Saturday Morning Sales

Kevin Latchford

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Be Careful Not To Overpromise - June 17, 2017

An old saying “under promise and over deliver” has a tendency to fall short with sales people. In an effort to win over a prospect or client, sales people oftentimes embellish when giving their pitch. Remember, if it sounds too good to be true, it likely is, yet sales people still take this approach.

 

I pride myself on being mindful and very careful that my words are simply a representation of my company. Whatever I promise in a meeting oftentimes must be delivered by my team. Therefore, I tend to be much more cautious when describing my firm, our services, and what the client should expect in the end.

 

I’ve fielded a few phone calls recently by clients that were overpromised by either a sales rep and even in one case by our sales manager. It wasn’t a stretch of the imagination so much as it was how much emphasis was placed on delivery of service. Timeframes were tight and budgets even tighter, and in both cases, my sales people gave the clients the old “no problem we’ve got it”. Unfortunately, that was a theme they chose to lead with in the sales process, and no matter how much complexity crept into the project, “no problem we’ve got it”.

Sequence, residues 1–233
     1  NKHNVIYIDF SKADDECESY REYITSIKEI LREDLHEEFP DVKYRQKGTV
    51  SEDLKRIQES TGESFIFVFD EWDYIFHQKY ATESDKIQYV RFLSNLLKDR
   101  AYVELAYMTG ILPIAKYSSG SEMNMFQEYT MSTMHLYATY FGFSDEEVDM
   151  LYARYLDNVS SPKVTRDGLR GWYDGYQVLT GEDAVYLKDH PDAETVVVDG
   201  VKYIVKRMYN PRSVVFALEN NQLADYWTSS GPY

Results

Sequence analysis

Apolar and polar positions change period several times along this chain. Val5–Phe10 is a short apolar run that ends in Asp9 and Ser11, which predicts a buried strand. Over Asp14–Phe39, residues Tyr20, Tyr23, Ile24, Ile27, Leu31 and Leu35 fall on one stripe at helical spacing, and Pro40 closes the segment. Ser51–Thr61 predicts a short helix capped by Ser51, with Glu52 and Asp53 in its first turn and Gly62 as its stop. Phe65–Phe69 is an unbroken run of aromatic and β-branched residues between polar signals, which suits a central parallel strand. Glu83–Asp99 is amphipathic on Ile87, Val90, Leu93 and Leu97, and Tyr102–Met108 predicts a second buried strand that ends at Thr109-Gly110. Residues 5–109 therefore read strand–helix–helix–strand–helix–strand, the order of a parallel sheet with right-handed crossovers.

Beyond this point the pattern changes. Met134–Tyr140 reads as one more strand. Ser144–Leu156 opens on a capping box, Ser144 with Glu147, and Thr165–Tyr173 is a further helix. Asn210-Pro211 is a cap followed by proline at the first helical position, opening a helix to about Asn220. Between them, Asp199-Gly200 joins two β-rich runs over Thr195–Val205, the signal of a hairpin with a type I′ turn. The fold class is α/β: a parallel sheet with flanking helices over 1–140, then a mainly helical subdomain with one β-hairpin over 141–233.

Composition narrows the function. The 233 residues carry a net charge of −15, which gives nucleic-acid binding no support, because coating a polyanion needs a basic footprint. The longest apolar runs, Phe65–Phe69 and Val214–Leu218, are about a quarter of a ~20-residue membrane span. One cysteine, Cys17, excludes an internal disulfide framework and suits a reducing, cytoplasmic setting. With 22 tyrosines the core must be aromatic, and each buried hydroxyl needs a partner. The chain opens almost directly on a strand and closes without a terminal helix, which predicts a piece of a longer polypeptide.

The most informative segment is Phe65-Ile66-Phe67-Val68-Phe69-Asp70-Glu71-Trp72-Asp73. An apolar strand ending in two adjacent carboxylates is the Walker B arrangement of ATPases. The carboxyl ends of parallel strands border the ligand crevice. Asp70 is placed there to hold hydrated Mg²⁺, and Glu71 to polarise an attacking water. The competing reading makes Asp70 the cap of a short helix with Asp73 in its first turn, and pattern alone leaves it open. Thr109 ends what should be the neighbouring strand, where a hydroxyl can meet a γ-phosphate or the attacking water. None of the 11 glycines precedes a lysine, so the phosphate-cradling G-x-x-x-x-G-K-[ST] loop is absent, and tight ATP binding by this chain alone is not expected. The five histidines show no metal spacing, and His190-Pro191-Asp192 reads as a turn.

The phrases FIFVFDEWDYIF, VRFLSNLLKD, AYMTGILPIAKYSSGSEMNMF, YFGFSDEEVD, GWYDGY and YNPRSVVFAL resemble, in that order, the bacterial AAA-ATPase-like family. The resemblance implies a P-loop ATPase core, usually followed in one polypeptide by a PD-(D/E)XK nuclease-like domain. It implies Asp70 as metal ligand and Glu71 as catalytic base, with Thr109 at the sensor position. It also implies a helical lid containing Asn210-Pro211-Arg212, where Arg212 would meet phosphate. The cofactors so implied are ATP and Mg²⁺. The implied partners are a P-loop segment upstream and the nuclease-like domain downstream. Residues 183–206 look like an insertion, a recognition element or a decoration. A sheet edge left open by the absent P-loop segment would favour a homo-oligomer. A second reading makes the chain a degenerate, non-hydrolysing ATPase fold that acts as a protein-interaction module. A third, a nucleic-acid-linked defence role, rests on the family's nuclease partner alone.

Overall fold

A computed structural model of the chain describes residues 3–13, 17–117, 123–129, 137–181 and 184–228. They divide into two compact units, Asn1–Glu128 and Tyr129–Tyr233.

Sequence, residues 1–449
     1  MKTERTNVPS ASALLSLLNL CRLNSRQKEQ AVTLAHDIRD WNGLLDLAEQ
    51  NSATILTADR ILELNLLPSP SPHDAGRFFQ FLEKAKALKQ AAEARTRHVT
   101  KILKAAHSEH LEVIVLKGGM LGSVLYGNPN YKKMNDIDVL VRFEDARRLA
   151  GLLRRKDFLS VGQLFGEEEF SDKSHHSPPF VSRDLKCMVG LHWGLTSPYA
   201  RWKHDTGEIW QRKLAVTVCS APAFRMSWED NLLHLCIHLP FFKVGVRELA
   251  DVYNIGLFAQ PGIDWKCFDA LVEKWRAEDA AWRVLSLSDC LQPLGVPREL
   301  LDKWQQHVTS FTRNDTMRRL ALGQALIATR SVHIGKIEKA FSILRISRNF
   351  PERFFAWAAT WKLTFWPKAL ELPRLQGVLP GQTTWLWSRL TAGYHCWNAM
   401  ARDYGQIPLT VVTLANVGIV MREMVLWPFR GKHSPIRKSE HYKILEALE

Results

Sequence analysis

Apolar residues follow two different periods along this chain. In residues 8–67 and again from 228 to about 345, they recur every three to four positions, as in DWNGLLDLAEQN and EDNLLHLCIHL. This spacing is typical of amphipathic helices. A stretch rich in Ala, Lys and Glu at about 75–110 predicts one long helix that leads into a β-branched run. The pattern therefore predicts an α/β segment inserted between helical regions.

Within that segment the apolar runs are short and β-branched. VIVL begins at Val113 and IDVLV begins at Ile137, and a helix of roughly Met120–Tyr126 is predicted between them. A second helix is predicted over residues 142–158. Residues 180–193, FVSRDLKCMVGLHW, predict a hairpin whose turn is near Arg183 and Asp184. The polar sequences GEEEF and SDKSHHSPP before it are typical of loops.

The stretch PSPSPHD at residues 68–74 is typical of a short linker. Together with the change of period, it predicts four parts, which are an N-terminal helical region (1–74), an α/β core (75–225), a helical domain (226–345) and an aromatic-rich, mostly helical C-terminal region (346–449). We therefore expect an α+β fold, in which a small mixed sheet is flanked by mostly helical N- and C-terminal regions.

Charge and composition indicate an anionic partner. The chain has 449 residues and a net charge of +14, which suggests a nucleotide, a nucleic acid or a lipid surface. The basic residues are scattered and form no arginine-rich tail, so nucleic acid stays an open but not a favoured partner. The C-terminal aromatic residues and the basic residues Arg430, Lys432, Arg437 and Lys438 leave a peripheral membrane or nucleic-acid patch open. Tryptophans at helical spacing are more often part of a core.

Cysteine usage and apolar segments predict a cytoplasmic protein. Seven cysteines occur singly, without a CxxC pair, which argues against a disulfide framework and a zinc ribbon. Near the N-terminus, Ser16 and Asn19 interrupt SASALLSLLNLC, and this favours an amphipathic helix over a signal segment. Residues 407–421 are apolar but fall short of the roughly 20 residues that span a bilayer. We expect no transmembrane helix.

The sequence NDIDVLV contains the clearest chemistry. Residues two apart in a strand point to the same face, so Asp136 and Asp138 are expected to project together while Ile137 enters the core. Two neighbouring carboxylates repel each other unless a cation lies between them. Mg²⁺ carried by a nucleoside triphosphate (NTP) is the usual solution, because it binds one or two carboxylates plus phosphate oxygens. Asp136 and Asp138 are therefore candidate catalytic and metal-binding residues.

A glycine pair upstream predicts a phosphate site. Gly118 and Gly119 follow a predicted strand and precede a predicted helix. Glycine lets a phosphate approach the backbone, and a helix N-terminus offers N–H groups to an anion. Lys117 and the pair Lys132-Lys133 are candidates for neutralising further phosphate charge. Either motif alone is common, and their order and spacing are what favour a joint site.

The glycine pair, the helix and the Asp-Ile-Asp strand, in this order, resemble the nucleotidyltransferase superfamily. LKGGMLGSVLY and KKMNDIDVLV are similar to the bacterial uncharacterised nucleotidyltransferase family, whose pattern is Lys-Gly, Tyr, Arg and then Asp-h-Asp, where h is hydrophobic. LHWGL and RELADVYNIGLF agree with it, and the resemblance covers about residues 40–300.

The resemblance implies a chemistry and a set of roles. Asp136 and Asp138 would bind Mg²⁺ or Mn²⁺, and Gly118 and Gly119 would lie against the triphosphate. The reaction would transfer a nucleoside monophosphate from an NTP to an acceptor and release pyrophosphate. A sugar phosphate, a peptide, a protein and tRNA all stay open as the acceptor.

Our internal team was none-to-pleased to find out that unrealistic deadlines were being imposed by their own sales people. And, the fact that the client would have accepted an additional amount of time from the beginning, this put a burden on our resources which simply did not have to happen.

 

Being enthusiastic in a sales role is a requirement for success. But, being enthusiastic doesn’t mean giving in to any sort of unrealistic requests or demands from a client, so be on your toes. Practice how best to pitch realistic pricing, deadlines for delivery, and rebuttals to concerns raised. Speaking from experience a client is much more appreciative when given realistic information rather than being overpromised. 

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